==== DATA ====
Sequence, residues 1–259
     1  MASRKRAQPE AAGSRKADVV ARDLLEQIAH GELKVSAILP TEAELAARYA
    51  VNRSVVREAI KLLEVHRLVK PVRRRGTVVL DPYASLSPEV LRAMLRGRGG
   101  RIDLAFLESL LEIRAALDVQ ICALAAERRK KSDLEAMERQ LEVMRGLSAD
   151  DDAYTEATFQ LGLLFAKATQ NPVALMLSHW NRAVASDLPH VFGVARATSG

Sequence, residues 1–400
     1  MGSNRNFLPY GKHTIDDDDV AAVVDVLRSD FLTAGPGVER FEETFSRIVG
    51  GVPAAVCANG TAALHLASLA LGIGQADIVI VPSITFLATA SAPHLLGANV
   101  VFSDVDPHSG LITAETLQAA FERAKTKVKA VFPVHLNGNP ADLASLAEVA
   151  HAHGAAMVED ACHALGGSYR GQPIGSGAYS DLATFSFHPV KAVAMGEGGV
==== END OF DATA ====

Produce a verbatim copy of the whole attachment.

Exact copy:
Sequence, residues 1–259
     1  MASRKRAQPE AAGSRKADVV ARDLLEQIAH GELKVSAILP TEAELAARYA
    51  VNRSVVREAI KLLEVHRLVK PVRRRGTVVL DPYASLSPEV LRAMLRGRGG
   101  RIDLAFLESL LEIRAALDVQ ICALAAERRK KSDLEAMERQ LEVMRGLSAD
   151  DDAYTEATFQ LGLLFAKATQ NPVALMLSHW NRAVASDLPH VFGVARATSG

Sequence, residues 1–400
     1  MGSNRNFLPY GKHTIDDDDV AAVVDVLRSD FLTAGPGVER FEETFSRIVG
    51  GVPAAVCANG TAALHLASLA LGIGQADIVI VPSITFLATA SAPHLLGANV
   101  VFSDVDPHSG LITAETLQAA FERAKTKVKA VFPVHLNGNP ADLASLAEVA
   151  HAHGAAMVED ACHALGGSYR GQPIGSGAYS DLATFSFHPV KAVAMGEGGV